In the weeks leading up to our annual conference, Teaching, Learning, and Coaching, I’ll be posting interviews with the experts who will be presenting there. The interviews will surface many different ways of looking at coaching, and like the conference itself, I hope the interviews inspire, educate and provoke new thinking. I don’t agree with everything I hear in the interviews, but I am grateful for others’ thinking. We move forward by challenging our beliefs, and I hope what you read in the interviews challenges you as it did me. You can keep up with the interviews by subscribing to the blog.

To kick off this series, I started by interviewing myself. Really. Here’s what I said to me:

How did you come to write about coaching?

I actually didn’t start out studying coaching, at least we didn’t describe it that way. At first I was focused on figuring out a good way to get better at sharing teaching practices with teachers. What happened was I used teaching practices that helped me be a lot more effective with students (the learning strategies curriculum developed at The University of Kansas Center for Research on Learning), and after seeing how effective the learning strategies were, I wanted to figure out how to get tools like that into the hands of teachers. I could see the workshops I was leading weren’t working, and I wanted to find some other way that would lead to implementation and better learning for kids.

At first we described the change leaders we were studying as learning consultants. Then we felt a better term would be instructional collaborator, which is a name I still like quite a lot. Then we moved to using instructional coach around 2004—mostly because whenever we presented what we were doing people told us we were describing coaches. In 2007 I released the book Instructional Coaching: A Partnership Approach for Improving Instruction. When it came out, I didn’t know if anyone would read it at all. Since the book was released, there has been more interest in instructional coaching every year.

Tell me about your publications on coaching.

What I’ve tried to do over the past decade is create a library of tools that anyone (and especially instructional coaches) can use to radically improve teaching in schools. In 2007 Instructional Coaching was released, and that book laid out some key factors for coaching programs. In 2011 Unmistakable Impact was released, and it described how the Partnership Principles can be used to shape effective coaching, workshops, schoolwide change, teams, and other forms of professional development in schools. Then in 2013 I put out High-impact Instruction, which described the high-yield teaching strategies we came to use with teachers during ten years of studying instructional coaching.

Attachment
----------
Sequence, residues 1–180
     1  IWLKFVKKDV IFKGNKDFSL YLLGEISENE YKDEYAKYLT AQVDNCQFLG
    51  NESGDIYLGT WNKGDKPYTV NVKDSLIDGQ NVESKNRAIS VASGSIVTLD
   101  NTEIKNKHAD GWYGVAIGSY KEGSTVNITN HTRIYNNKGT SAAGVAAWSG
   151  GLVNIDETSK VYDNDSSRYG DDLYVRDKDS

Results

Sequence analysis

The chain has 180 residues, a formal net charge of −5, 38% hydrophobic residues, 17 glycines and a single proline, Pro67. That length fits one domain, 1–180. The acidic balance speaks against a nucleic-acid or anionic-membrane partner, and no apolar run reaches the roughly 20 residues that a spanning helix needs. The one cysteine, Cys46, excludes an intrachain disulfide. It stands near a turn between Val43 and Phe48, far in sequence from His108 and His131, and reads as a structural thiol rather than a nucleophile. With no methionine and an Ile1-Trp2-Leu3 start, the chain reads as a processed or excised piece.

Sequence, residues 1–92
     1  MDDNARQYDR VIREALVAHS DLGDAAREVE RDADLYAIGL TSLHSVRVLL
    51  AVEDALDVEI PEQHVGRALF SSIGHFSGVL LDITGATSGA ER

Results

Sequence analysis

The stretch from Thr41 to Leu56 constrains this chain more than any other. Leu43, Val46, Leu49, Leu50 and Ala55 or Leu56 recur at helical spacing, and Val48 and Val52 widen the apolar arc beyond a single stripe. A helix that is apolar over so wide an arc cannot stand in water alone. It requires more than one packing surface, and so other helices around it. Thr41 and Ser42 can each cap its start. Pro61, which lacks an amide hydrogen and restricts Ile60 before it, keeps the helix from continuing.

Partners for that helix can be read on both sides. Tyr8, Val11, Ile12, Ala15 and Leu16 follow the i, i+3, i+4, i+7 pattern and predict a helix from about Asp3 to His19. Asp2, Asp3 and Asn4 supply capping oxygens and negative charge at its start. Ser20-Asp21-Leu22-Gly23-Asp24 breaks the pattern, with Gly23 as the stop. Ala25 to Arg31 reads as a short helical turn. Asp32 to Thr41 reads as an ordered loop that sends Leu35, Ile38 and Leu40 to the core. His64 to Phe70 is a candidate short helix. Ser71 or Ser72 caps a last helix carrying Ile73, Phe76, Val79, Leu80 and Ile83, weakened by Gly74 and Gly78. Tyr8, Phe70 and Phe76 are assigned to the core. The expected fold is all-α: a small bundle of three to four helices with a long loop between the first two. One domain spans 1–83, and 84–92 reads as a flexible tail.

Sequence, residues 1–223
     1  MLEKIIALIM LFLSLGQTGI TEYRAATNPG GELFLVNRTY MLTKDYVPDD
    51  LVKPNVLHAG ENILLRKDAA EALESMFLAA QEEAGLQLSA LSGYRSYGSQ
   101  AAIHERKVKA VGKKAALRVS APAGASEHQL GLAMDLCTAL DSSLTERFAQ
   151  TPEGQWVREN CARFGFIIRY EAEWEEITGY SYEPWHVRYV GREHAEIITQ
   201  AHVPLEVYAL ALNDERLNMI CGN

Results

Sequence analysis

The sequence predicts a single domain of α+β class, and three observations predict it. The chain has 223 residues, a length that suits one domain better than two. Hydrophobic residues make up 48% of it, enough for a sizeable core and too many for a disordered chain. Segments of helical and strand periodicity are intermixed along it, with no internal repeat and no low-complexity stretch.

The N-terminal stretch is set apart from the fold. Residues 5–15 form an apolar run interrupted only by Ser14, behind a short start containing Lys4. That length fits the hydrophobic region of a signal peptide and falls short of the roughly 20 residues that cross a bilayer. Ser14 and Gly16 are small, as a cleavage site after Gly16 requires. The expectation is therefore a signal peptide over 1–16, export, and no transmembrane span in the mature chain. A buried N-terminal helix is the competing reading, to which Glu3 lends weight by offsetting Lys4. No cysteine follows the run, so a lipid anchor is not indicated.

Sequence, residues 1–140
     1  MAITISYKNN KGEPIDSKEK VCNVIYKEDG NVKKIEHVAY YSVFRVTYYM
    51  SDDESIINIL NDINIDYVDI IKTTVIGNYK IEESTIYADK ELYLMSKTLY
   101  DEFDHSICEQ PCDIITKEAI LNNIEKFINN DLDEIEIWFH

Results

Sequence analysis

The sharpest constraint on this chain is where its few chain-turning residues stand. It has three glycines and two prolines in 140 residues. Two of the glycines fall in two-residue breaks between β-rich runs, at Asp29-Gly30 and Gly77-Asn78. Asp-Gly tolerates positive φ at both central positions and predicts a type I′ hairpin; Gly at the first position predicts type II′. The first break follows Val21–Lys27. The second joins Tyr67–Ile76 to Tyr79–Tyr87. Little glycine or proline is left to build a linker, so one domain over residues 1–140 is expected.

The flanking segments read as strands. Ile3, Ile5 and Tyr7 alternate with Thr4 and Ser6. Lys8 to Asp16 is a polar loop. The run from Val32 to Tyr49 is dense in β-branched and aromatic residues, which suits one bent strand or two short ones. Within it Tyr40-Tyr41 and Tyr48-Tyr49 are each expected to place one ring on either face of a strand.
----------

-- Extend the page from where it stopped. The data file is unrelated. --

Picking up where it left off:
In 2014 Focus on Teaching was released, a book about how to use video as a power tool for professional development and learning. Then in 2015, Better Conversations was published, a book about how to build the kind of relationships we need for learning and in fact for a fulfilling life. In August, we will be releasing The Impact Cycle, which describes the coaching cycle we use when we work with teachers to bring about change. All of these books are published by Corwin.

That library is a lot to read, but I think an effective instructional coach does need to understand (a) what instructional coaching is, (b) a set of teaching strategies they can share with teachers to help them hit their goals, (c) how to use video within coaching, (d) how to communicate effectively, and (e) how to partner with teachers to move through a coaching cycle, setting and hitting goals. These books describe those components of a program. I wrote the books to provide a solid foundation for anyone who wants to have an unmistakable, positive impact on teachers’ and children’s lives.

What are some core ideas in your approach?

First off, we believe the measure of success for coaching is improvement in student achievement and wellbeing. This is not just a nice thought. Student-focussed goals stand at the heart of our approach to coaching.

Second, we see coaching as a partnership activity with teachers, which is to say we see teachers and coaches as having equal status. We believe teachers’ voices should shape coaching, and that teachers must make a lot of the choices about their learning. If teachers don’t have a voice and choice, we’re not sure learning will happen.